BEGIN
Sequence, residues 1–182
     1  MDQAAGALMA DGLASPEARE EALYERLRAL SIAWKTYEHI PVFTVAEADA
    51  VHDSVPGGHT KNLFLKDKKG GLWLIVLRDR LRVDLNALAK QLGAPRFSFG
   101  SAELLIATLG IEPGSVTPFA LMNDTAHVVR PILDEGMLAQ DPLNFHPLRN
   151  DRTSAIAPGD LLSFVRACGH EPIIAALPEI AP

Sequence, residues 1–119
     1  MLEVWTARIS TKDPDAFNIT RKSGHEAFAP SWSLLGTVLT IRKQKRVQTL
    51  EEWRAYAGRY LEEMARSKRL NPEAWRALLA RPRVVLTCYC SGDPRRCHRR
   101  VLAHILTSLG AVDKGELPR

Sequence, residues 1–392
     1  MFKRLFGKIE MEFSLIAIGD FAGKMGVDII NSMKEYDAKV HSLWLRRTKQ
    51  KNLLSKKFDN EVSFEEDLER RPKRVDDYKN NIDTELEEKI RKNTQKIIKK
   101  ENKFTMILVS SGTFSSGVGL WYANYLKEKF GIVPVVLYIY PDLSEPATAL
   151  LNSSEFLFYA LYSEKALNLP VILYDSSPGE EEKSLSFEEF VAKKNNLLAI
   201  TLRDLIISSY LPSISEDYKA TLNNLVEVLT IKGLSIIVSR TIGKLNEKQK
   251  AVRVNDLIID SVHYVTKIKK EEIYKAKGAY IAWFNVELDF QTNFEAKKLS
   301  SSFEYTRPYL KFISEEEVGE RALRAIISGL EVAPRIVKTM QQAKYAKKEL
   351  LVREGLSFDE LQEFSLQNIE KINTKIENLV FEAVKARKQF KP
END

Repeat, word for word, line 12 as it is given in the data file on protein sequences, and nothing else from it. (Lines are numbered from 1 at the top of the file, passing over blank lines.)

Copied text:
    51  KNLLSKKFDN EVSFEEDLER RPKRVDDYKN NIDTELEEKI RKNTQKIIKK